Differential networks (and other statistical issues) for the analysis of metabolomic data

Macleod, D; (2017) Differential networks (and other statistical issues) for the analysis of metabolomic data. PhD thesis, London School of Hygiene & Tropical Medicine. DOI: https://doi.org/10.17037/PUBS.03817570

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Coronary heart disease (CHD) is the leading cause of death in the UK. Recent technological advances in metabolomics have the potential to contribute to further the understanding of CHD, especially because they are facilitating the collection of metabolomics data in large observational studies. However, the high dimensionality of this type of information and its strong interdependencies raise several analytical difficulties. These difficulties were investigated, motivated by the study of 228 metabolites acquired from blood samples as part of the British Womens Heart and Health Study (BWHHS). Issues regarding transformations of the metabolomics data and their reliability were examined. Analytical methods typically adopted with high-dimensional data were reviewed, and then a more recently developed method, differential networks, was examined in detail. When investigating differential networks using simulations of three alternative data generating scenarios, it was found that an edge between two nodes can be induced if the effect of one node on disease is modified by another node, or if the disease causes (or is associated with) a "breaking down" in the relationship between the two nodes. The simulations focused on simplified settings but exemplify the difficulties in interpreting differential networks and helped elucidate the sample sizes required. Further algebraic examination of likely data generating mechanisms identified the potential pitfalls of relying on partial correlations in building differential networks. This shows that, when important nodes influencing the correlation structure are not measured, irrelevant edges may be selected, while relevant ones may be missed. Analysis of the BWHHS metabolite data flagged a small number of metabolites that could potentially be associated with CHD, with small VLDL triglycerides being the strongest candidate. Comparisons were made with the results obtained using regression-based methods as these are more easily accessible to epidemiologists. The fact that there was little overlap in identified biomarkers is an indication of the complexity of this field of research.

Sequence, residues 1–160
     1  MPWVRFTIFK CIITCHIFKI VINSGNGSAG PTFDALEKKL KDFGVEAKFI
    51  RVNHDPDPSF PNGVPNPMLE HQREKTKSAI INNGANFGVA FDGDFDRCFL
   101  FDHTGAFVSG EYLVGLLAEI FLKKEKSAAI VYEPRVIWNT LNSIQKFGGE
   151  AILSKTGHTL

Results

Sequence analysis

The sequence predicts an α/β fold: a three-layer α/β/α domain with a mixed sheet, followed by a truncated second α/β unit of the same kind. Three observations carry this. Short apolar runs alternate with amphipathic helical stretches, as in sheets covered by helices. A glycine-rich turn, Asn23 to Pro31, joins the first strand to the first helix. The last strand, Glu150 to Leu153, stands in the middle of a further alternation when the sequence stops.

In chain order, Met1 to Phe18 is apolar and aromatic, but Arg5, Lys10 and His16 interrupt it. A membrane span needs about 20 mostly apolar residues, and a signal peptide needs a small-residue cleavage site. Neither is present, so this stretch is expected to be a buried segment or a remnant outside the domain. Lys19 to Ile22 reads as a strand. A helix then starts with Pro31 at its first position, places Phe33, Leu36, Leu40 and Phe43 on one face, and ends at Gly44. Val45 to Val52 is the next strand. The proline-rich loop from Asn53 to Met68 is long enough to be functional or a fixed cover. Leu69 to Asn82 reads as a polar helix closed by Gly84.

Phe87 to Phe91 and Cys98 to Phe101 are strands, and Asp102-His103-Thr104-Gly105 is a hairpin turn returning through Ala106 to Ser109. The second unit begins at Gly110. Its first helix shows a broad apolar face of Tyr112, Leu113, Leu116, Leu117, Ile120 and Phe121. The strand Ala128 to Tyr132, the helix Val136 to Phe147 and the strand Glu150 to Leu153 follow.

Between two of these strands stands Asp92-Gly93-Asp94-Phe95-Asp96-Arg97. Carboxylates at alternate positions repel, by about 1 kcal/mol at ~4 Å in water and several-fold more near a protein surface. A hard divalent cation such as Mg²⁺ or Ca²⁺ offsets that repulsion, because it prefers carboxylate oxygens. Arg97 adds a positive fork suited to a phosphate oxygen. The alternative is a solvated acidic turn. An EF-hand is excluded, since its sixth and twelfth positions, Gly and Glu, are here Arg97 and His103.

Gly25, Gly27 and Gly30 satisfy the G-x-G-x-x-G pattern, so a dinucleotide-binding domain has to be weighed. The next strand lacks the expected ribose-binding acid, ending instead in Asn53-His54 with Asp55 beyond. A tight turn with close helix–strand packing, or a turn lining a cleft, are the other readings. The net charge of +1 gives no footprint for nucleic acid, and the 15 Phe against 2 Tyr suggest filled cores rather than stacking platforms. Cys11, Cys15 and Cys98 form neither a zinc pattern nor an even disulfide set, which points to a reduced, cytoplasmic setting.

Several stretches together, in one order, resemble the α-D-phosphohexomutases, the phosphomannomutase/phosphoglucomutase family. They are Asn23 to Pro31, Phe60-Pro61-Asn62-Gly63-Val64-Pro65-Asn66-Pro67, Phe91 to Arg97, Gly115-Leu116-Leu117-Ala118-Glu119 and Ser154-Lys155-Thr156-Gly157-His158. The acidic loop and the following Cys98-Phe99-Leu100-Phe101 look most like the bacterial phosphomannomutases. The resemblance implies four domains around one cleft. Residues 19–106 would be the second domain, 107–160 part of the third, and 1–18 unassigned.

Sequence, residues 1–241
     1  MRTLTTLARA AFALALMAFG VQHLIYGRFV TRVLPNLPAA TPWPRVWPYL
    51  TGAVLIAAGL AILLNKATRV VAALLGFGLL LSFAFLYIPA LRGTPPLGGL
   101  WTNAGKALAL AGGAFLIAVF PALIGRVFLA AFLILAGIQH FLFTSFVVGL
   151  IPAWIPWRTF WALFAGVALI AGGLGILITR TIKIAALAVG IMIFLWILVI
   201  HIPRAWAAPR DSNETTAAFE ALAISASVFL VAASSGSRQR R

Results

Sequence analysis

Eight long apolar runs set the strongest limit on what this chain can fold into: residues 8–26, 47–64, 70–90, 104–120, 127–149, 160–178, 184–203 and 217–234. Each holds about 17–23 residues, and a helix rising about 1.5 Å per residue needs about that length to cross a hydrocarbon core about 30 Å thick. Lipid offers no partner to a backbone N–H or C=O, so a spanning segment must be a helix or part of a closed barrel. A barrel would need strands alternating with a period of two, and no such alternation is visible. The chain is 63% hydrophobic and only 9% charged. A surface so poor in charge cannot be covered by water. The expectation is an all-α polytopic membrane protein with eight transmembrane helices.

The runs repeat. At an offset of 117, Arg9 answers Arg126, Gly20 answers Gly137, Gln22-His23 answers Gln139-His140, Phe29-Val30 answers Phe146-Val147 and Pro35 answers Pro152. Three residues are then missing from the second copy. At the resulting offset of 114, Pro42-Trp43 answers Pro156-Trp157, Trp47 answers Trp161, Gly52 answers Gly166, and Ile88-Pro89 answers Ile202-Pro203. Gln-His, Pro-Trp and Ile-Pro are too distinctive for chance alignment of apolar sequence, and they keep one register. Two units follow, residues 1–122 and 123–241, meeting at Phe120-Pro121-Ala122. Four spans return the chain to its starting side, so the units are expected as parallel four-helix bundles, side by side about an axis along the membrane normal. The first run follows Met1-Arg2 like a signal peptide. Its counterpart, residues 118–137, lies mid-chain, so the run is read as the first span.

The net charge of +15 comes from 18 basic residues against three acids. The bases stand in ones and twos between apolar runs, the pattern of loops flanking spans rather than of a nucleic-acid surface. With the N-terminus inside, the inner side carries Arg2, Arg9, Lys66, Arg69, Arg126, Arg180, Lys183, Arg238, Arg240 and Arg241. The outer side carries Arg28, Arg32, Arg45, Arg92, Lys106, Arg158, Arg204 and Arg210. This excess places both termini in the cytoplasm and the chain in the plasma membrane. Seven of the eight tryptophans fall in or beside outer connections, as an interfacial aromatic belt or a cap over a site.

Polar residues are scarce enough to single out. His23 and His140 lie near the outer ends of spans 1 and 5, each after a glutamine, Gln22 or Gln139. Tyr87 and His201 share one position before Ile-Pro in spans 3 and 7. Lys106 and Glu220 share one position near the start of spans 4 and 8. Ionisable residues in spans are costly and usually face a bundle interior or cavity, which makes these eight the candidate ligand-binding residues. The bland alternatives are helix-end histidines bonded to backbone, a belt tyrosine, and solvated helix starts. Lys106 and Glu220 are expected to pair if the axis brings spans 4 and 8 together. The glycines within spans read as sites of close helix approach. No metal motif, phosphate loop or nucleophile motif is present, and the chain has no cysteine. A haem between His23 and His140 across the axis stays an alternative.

Item Type: Thesis
Thesis Type: Doctoral
Thesis Name: PhD
Contributors: De Stavola, BL (Thesis advisor);
Faculty and Department: Faculty of Epidemiology and Population Health > Dept of Medical Statistics
Funders: Economic and Social Research Council
URI: http://researchonline.lshtm.ac.uk/id/eprint/3817570


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